One of my favourite things about Glasgow is that it is so close to the southern Highlands, that I can see the hills north of the city from my living room window. On a sunny day that is… Last weekend was yet another glorious sunshine-filled one, so we decided it was time to leave Glasgow behind. A rental car was quickly booked for the day and I already knew where I wanted to go for this perfect day hike: Ben A’an.
Ben A’an is an incredibly popular hill in the southern Highlands – it is only 1h20m drive from Glasgow, the trail is signposted and well-kept (neither of these are to be taken for granted in Scotland) and it’s fairly easy and quick to ascend to the top. On this sunny day we were by far not the only ones trying to score a spot in the busy Ben Venue car park. There are several trails starting here, but signposts lead the way. Finding the right trail and setting off to the top was no problem at all!
Video: Hiking Ben A’an in Scotland
Before you ask – yes the top of that rock in the photo below is the summit of Ben A’an – intimidating right? But it’s really not as hard as it looks!
Trail description: The Path up Ben A’an
The trail starts from the back of the car park close by the shore of Loch Achray. You first hike through a lush forest with tall larch and pine trees. The path is quite muddy down here, so watch your step. After half an hour or so the landscape changes drastically – the pine trees turn into light birch forest and the muddy trail is replaced by rocky steps. Soon you meet the old trail and keep ascending. The last bit in the woods is pretty steep and steps all the way – prepare your thighs and knees for a workout!
After an hour or so you reach the treeline. The path flattens out and you circle around the northern side of Ben A’an. On a sunny day like we had it this means finally some shade!
Just before you climb up the final steps to the summit, take a little detour to the right – there is a little path and you almost can’t miss it. If you do, you might go home without having seen the most amazing view (yes, even better than from the summit). The lake you see is Loch Katrine and in the distance are the snowy peeks of the Highlands. Across to the left you can see the majestic Ben Venue.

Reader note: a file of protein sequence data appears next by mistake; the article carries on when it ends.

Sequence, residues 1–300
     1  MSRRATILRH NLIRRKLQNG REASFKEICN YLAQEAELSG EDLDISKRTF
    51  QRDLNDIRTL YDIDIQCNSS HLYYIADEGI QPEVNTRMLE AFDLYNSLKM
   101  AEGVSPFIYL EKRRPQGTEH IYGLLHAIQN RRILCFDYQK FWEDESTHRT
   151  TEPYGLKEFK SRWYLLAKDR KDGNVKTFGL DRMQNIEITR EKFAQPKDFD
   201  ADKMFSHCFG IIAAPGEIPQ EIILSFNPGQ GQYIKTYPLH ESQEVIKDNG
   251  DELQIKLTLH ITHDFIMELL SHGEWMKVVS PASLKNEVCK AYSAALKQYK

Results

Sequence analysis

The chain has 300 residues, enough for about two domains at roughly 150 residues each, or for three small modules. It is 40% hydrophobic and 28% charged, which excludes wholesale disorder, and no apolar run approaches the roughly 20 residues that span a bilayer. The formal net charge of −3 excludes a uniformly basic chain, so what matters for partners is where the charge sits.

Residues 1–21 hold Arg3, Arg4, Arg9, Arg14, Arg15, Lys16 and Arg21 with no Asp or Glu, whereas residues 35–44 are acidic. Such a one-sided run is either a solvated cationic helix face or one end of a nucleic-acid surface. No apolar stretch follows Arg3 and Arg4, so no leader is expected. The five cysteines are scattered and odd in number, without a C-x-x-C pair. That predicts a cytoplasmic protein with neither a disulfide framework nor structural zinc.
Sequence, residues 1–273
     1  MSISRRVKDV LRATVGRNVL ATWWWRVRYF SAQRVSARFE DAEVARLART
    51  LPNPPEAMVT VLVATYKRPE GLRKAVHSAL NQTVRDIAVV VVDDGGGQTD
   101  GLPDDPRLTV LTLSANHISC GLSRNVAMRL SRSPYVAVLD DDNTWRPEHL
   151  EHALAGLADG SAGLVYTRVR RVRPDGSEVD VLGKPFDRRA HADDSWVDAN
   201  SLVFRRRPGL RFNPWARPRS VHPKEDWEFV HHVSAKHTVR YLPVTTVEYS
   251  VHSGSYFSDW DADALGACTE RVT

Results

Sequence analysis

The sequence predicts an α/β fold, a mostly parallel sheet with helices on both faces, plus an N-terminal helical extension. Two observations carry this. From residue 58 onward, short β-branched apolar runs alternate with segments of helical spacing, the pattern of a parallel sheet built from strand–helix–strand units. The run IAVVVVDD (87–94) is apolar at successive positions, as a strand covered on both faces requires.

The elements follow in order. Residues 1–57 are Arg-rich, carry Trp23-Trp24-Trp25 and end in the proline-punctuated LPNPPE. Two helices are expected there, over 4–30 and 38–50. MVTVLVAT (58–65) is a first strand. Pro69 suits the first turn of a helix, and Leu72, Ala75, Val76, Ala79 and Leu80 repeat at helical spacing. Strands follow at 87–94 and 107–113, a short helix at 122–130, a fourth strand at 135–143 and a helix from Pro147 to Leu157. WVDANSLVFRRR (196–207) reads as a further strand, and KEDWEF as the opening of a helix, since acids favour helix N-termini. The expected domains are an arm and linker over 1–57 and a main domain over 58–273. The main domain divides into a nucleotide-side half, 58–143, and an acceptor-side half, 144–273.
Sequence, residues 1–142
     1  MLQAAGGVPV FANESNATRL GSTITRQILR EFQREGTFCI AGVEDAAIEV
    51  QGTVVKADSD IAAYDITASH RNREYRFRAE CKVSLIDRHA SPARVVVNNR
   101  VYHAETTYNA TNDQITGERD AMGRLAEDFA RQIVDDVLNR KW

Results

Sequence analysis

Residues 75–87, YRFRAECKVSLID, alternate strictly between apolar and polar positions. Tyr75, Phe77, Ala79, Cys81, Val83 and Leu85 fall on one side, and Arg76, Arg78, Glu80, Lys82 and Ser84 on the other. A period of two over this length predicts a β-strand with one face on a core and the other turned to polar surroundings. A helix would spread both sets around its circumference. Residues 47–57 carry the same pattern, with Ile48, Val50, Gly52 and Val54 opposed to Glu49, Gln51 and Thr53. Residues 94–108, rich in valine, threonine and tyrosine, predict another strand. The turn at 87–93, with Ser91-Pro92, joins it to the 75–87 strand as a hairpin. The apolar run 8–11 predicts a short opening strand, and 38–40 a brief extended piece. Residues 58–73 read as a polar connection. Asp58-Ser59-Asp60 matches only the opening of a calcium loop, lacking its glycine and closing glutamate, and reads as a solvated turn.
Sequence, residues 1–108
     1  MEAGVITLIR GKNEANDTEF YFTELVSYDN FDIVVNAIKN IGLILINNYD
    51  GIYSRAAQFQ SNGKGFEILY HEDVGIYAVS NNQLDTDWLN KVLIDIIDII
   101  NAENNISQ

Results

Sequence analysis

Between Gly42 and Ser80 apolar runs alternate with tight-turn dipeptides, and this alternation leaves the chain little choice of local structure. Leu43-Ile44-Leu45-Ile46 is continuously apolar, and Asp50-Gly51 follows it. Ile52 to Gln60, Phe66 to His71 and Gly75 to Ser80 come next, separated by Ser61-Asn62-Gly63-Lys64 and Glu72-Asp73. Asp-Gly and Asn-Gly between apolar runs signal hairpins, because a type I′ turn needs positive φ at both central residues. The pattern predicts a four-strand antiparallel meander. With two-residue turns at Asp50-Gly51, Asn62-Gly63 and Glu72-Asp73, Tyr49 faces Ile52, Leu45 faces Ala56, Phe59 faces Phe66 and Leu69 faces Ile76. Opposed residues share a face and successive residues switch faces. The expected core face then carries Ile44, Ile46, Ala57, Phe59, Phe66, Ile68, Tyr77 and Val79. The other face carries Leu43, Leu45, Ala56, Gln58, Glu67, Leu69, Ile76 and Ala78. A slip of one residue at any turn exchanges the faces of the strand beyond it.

The summit is just a little scramble further and there are plenty of spots to have a well-deserved snack in the sun. The prime spot is a pyramid-like rock overlooking Loch Katerine, so feel lucky if you score it but don’t hog it for too long.
Unfortunately to get back down you will have to step all those steps again as there is only this one path up Ben A’an. The beautiful views make up for it though!
Read more: How to plan a trip to Scotland
If you fancy a good meal on your way back to Glasgow I can recommend The Faerie Tree Inn in Aberfoyle, where they serve typical Scottish cuisine – steak pies, haggis, you name it. And if you have a designated driver who doesn’t mind to be left out, the Glengoyne whisky distillery is also on your way back and guided tours go all afternoon!
For even more action, check out Go Ape Aberfoyle, which is a tree top adventure park with two of the longest ziplines in the UK.
Some Tips for your day on Ben A’an
For a detailed description of the trail, photos of significant points and map material have a look on Walk Highlands, by far my favourite online resource for hiking in Scotland. The trail can get quite muddy – it certainly was last weekend – so sturdy boots that cover your ankles, best hiking boots, are an absolute must.
The best maps for hiking in Scotland are the OS Explorer maps with a scale of 1:25,000. The map segment OL 46 (available here for £8.99) covers a pig part of the Loch Lomond & Trossachs National Park, where Ben A’an is located. It’s a good map to have if you plan to go on day trips close to Glasgow more frequently.
What to Pack
As the trail is so short and well signposted you won’t necessarily need to bring a map or a head torch. The main things to put in your day pack are warm clothes for the summit, wind- and waterproofs for the odd shower that could always roll in, plenty of water and energy snacks such as fruit or nuts.
How to get to Ben A’an
The only downside of hiking Ben A’an is that there is not public transport connected to the trailhead. You need a car to get to the beginning of the trail, but seeing that you can rent one from £25/day and it’s only 1h20m drive from Glasgow (you won’t need much petrol) it’s a good investment – especially if you split the costs with friends.
I hope you liked this little glimpse of the Scottish Highlands – as you can see you need neither loads of experience nor days upon days to make unforgettable memories during your Scotland trip!
All photos by Kathi Kamleitner.
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